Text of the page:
Measuring Preferences for Childbirth After Cesarean

The recruitment status of this study is unknown because the information has not been verified recently.
Verified December 2005 by Oregon Health and Science University.
Recruitment status was  Recruiting
Sponsor:
Collaborator:
Information provided by:
Oregon Health and Science University
ClinicalTrials.gov Identifier:
NCT00267735
First received: December 20, 2005
Last updated: September 8, 2006
Last verified: December 2005
  Purpose

The objective of this proposed 18-month exploratory research study is to help pregnant women weigh risks and benefits in a childbirth decision using the Preferences-Assessment Computer Module. Our hypothesis is that, after using this computer module, women will be more aware of the potential risks and benefits of VBAC and of elective repeat cesarean and will have greater clarity about their preferences related to these risks and benefits.


Condition Intervention
Pregnancy
Behavioral: Use of Computerized Decision Aid on Childbirth

Study Type: Interventional
Study Design: Allocation: Randomized
Intervention Model: Parallel Assignment
Masking: Single Blind
Primary Purpose: Educational/Counseling/Training
Official Title: Measuring Preferences for Childbirth After Cesarean

Further study details as provided by Oregon Health and Science University:

Primary Outcome Measures:
  • Decisional conflict scores (knowledge of options; clarity about preferences; decisional certainty; conflict) after using decision aid.

Estimated Enrollment: 120
Study Start Date: January 2006
Detailed Description:

As cesarean birth rates continue to climb, the number of women (currently about 420,000 annually) facing the decision of whether to have a repeat cesarean or to attempt a vaginal birth after cesarean (VBAC) will also increase. The objective of this proposed 18-month exploratory research study is to help pregnant women weigh risks and benefits in a childbirth decision using the Preferences Assessment Computer Module developed by the principal investigator. The long-term objective of the proposed research is to understand and improve the decision-making process of these women by creating a computerized childbirth decision aid. Such decision aids provide value when the decision is complex, when the outcome is uncertain, and when people vary in how they prioritize preferences; childbirth decisions for women with a prior cesarean meet all these criteria.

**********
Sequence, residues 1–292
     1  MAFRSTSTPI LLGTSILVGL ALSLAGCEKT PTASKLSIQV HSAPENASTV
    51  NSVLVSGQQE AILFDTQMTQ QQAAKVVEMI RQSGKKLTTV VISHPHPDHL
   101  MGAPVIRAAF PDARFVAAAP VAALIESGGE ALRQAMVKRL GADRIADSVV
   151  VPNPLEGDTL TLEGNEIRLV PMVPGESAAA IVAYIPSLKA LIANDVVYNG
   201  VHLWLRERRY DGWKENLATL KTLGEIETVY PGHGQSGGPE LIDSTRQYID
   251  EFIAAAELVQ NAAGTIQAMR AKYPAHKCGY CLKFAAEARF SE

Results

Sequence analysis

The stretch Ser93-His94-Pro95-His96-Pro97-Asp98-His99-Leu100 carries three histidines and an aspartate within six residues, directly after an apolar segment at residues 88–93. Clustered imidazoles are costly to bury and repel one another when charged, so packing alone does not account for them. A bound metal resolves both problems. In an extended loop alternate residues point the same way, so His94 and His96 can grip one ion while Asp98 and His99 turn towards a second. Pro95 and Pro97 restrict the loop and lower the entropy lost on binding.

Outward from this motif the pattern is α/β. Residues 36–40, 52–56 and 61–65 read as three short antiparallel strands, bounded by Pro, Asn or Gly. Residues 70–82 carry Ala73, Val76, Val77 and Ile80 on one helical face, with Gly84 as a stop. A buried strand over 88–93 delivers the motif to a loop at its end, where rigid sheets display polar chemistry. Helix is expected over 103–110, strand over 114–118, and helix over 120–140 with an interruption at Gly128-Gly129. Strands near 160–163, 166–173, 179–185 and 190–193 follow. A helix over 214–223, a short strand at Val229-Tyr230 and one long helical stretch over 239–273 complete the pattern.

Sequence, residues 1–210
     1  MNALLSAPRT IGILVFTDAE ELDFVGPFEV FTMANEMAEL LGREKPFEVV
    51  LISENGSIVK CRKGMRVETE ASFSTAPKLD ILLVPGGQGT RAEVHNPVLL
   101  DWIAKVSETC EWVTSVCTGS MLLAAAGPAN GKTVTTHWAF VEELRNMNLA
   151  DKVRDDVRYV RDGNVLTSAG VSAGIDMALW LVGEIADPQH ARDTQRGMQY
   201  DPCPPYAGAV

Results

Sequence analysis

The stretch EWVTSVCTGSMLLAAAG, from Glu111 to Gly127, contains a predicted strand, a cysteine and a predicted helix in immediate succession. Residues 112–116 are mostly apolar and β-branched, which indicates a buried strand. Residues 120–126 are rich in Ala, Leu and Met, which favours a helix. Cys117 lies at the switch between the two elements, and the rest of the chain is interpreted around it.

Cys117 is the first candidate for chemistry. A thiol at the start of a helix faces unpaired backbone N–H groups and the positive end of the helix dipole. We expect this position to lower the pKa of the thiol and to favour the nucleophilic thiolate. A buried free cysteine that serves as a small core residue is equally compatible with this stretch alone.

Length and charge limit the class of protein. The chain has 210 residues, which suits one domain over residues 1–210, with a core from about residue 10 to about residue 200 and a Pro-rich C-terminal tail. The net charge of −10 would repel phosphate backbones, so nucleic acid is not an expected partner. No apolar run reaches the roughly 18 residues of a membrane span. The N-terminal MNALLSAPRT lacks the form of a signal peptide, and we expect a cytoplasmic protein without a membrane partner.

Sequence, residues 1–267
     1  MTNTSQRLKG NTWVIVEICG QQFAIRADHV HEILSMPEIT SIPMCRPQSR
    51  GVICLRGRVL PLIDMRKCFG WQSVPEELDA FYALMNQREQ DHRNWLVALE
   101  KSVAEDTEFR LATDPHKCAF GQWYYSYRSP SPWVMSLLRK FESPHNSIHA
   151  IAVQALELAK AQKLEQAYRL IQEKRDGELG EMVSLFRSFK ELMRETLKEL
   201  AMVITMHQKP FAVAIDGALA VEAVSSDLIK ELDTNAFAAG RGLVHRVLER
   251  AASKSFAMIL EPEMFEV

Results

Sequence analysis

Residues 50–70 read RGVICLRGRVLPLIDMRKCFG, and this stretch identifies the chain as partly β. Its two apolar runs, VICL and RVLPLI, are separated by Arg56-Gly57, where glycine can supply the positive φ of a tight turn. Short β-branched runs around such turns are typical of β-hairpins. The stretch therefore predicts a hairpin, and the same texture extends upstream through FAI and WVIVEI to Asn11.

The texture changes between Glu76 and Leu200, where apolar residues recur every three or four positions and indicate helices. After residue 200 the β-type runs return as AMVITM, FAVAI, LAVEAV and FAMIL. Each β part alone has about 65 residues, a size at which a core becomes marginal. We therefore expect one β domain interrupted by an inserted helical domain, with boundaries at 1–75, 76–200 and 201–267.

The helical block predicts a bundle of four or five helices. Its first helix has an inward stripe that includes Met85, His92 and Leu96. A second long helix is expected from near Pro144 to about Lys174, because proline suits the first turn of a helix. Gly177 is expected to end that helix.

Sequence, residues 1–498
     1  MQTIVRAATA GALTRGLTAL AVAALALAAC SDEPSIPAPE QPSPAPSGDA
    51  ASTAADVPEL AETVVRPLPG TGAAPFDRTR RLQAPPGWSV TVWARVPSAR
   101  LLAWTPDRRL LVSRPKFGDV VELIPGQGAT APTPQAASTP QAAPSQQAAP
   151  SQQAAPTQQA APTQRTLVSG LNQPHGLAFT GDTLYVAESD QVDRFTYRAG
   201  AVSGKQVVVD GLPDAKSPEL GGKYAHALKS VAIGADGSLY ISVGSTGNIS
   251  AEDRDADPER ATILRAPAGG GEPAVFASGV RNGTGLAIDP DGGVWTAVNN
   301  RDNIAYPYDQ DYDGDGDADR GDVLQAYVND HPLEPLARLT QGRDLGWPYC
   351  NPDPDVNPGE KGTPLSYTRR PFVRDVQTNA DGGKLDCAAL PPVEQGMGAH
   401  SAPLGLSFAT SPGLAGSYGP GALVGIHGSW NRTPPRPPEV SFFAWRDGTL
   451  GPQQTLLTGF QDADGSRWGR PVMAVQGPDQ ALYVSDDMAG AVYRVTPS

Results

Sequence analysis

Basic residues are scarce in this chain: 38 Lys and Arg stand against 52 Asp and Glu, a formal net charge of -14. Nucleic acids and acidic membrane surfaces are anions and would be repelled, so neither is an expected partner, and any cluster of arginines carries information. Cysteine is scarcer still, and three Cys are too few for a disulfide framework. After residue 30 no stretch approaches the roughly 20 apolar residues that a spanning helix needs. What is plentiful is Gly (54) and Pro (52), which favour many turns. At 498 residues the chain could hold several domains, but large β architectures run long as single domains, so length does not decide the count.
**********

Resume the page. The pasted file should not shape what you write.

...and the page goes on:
No study to date quantifies how women weigh the complexities of various considerations—medical and otherwise—in the delivery decision. The proposed research is significant, therefore, in that it will provide a much-needed method to help women prioritize and weigh their preferences related to childbirth decisions. More broadly, it responds to the recent NIH and AHRQ initiatives to promote the development of computerized decision aids to improve the quality of medical decisions.

A new investigator will lead a well-qualified, multi-disciplined team that has expertise in decision analysis, obstetric medicine, and research methodology in pursuit of the following specific aims:

  1. To validate a precise method to measure childbirth preferences. During the initial phase of this study, we will verify the accuracy of the Preferences Assessment Computer Module, measure internal consistency and assess content validity in a cross-sectional study.
  2. To test whether women who use the Preferences Assessment Computer Module will have increased clarity about their preferences—and about the implication of those preferences—in comparison to women in a control group. We will conduct a randomized controlled trial of pregnant women with a prior cesarean.

This Preferences Assessment Computer Module is appropriate to address not only VBAC decisions, but also decisions related to elective cesareans and induction. In short, the proposed research will advance the field by improving the quality of the decision-making process for childbirth.

  Eligibility

Ages Eligible for Study:   18 Years and older
Genders Eligible for Study:   Female
Accepts Healthy Volunteers:   Yes
Criteria

Inclusion Criteria:

  • age 18 or older
  • pregnant
  • candidate for VBAC
  • singleton pregnancy
  • one prior cesarean
  • with a non-vertical uterine scar
  • English or Spanish speaking

Exclusion Criteria:

  • more than one prior cesarean
  Contacts and Locations
Choosing to participate in a study is an important personal decision. Talk with your doctor and family members or friends about deciding to join a study. To learn more about this study, you or your doctor may contact the study research staff using the Contacts provided below. For general information, see Learn About Clinical Studies.

Please refer to this study by its ClinicalTrials.gov identifier: NCT00267735

Contacts
Contact: Karen B Eden, PhD 503 494-2456 edenk@ohsu.edu
Contact: Jeanne-Marie Guise, MD, MPH 503 494-1602 guisej@ohsu.edu

Locations
United States, Oregon
Oregon Health & Science University Clinics Recruiting
Portland, Oregon, United States, 97239
Contact: Karen B Eden, PhD    503-494-2456    edenk@ohsu.edu   
Contact: Christina Dahlstrom, BS    503 494-4693    dahlstrc@ohsu.edu   
Principal Investigator: Karen B Eden, PhD         
Sponsors and Collaborators
Oregon Health and Science University
Investigators
Principal Investigator: Karen B Eden, PhD Oregon Health and Science University
  More Information

No publications provided

ClinicalTrials.gov Identifier: NCT00267735     History of Changes
Other Study ID Numbers: 1R03 HS 13959-01A1
Study First Received: December 20, 2005
Last Updated: September 8, 2006
Health Authority: United States: Institutional Review Board

Keywords provided by Oregon Health and Science University:
pregnancy
repeat cesarean
vaginal birth after cesarean

ClinicalTrials.gov processed this record on October 21, 2014